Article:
So that is the coalition I want, true believers.  But I won’t include anyone in who kowtows to the thugs who hate America.  You’re either proud of this country or you’re just a freeloader looking to tear off a piece of its wealth.  I’m guessing there are still millions of us.  And having a common point of view gives us an identity and orients us politically and culturally.  And that’s the only use of the words identity and orientation I’ll ever need.

The Paradox of Western Civilization

To anybody who came of age in America before, let’s say 1990, it’s always maddening to hear the views of Millennials on the subject of Western History.  They are completely convinced that the world would have been a paradise if only the evil Europeans hadn’t interfered with all the good people everywhere else.  So, because the settlers dispossessed the Indians and used slave labor for agriculture and used the advanced weapons and tactics that they invented to conquer the whole world this must mean that the Europeans were morally inferior to the peoples they defeated.  The fact that history and archeology show that humans everywhere and at all times have waged war against their neighbors and made slaves of their defeated rivals is as clear and understandable as any other law of nature.  The Khans of Mongolia conquered most of Eurasia and committed atrocities that rival anything that Hitler or Stalin committed.  Empires in India, the Middle East and Meso-America conquered and enslaved their neighbors whenever the opportunity arose.  The tribes and nations of Sub-Saharan Africa even in modern times have committed genocidal attacks on their enemies that have stunned outsiders by their cruelty.  Man has been a terrifying enemy to his neighbors for as long as he has existed.  In fact, it is ignored that the English were the ones who ended slavery inside their vast empire in the nineteenth century with the United States following their example shortly after.  It was Europeans (the Swiss and the English and their descendants) who first resurrected democracy after a lapse of thousands of years since the end of the first attempts back in ancient Athens.  And with respect to women’s rights, England and the United States, once again, were in the vanguard of that movement.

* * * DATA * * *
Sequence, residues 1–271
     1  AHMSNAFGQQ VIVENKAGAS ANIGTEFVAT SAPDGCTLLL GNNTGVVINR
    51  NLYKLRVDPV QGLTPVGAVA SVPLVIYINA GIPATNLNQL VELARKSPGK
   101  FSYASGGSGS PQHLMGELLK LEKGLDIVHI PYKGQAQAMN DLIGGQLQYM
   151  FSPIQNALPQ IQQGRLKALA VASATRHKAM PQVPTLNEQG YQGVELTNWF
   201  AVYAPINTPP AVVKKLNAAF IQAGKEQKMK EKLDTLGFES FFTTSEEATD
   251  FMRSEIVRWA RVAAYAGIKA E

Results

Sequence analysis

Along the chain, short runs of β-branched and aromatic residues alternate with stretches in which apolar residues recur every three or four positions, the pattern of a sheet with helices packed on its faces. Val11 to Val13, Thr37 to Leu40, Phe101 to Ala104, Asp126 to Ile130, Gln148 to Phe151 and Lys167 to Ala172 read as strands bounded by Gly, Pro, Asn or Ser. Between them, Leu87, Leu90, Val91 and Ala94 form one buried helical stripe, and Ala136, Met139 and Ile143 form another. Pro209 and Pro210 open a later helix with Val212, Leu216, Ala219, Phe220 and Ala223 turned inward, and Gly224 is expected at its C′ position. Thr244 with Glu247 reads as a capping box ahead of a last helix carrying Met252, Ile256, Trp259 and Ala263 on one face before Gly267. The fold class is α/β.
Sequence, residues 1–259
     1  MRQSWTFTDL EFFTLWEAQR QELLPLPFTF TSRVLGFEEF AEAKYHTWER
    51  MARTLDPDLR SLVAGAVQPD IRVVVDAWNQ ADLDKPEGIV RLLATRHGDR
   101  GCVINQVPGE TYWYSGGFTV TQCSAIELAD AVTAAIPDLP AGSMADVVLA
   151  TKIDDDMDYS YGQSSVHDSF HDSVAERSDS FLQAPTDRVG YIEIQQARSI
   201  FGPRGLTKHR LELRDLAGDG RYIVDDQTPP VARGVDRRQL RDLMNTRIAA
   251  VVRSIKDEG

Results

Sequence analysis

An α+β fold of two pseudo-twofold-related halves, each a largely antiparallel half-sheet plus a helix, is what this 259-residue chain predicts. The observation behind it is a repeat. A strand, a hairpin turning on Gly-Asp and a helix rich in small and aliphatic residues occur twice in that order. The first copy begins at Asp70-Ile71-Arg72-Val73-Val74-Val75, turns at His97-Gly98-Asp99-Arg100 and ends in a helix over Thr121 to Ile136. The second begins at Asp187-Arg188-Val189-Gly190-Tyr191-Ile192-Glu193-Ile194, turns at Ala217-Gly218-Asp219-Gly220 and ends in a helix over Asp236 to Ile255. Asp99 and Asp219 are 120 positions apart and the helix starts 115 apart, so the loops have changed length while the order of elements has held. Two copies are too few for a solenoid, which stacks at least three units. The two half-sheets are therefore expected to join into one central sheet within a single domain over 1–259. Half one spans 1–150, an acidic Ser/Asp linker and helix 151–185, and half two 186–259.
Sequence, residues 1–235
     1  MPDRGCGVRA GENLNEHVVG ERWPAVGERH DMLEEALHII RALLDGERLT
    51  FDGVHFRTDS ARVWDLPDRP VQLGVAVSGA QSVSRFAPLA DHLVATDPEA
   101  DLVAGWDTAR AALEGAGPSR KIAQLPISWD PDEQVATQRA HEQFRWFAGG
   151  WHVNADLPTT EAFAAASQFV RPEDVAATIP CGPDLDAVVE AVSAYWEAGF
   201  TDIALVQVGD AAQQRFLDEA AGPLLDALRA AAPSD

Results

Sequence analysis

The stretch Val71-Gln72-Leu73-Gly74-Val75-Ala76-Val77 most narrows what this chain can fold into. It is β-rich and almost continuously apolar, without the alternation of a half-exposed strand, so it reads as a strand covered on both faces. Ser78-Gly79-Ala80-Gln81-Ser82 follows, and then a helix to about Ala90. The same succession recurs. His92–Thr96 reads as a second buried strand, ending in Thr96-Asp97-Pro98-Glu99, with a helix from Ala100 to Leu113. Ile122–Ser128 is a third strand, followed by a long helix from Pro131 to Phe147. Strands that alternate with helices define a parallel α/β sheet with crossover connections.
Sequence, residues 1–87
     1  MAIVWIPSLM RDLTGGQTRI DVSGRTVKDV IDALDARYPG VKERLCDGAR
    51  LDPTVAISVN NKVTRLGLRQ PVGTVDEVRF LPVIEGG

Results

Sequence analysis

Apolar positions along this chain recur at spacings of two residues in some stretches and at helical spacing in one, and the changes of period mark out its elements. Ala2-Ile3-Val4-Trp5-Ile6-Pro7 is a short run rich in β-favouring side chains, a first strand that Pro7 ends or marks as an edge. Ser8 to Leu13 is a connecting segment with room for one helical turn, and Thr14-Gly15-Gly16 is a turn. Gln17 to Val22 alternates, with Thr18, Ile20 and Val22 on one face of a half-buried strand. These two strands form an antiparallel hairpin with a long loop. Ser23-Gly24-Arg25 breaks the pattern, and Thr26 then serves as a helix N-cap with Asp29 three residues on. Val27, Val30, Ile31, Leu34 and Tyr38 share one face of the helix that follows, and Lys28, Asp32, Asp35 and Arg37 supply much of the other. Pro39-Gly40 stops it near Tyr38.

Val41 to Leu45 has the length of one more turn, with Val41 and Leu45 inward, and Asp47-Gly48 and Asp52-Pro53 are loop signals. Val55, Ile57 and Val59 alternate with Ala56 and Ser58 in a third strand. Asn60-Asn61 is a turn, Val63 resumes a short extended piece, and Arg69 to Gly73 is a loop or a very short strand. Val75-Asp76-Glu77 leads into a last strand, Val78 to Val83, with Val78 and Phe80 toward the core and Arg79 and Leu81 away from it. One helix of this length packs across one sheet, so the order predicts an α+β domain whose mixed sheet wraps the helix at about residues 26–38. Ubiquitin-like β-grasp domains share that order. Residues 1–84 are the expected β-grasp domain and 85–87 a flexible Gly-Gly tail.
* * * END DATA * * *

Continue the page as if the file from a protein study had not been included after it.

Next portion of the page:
But none of this registers with Millennials.  They’ve been proselytized and brow-beaten by their teachers from kindergarten to graduate school and beyond to acknowledge the hereditary guilt of belonging to a civilization that virtually alone has created the modern world that everyone lives in.  And to atone for the “sins” of their ancestors they desire to hand over the country to anyone who desires to come here to live.  They think it would be better if America belonged to the world.  “After all,” they think, “we stole it from someone else, we should give it back.”

What they’re too blind to realize is that if they indeed gave it to the world, it soon wouldn’t be a place that the world would want to live in.  It is true that many people come to America to get free stuff.  They see a gravy train and figure on getting as much of what is being handed out for as long as it’s available.  They typically send the money they get back home to their families and intend to return when it gets to be a big enough nest egg.  But there have always been people who come to America because they’ve heard that things are done right here.  If you live in a country where the local strongman can take your property or even abuse your family with impunity then it doesn’t matter if you are relatively well off.  A lawless society is a violent and chaotic place where only the strongest survive and even they know a stronger man will eventually come along to supplant them.  Whether it was German peasants fleeing religious wars or Southern Italians fleeing poverty and the cruel intimidation of the Mafia people came to the United States because for the most part the middle class here were able to negotiate a sane existence where their children could live a decent life and maybe even better themselves over time.

But as the older population knows, every time a new wave of immigrants arrives and crowds the slums of the old cities, it creates crime and poverty and resentment between the older inhabitants and the new immigrants.  At that point, in the past, immigration is halted.  Then it takes fifty years for the new immigrants to assimilate and blend into the American way of life.  And normal life resumes for the bulk of the inhabitants.

But if the Millennials (and the Democrat leadership and the corporations who need cheap labor) have their way, then there will be no halt to the influx of immigrants.  Eventually we will reach a tipping point where the new arrivals will swamp out the cultural Americans and it won’t be America anymore.  Once enough people will sell their vote for some short-term economic benefit, all the things that made the United States unique, things like the Bill of Rights, will be legislated away and we will live in the same lawless jungle that all those who came here fled from.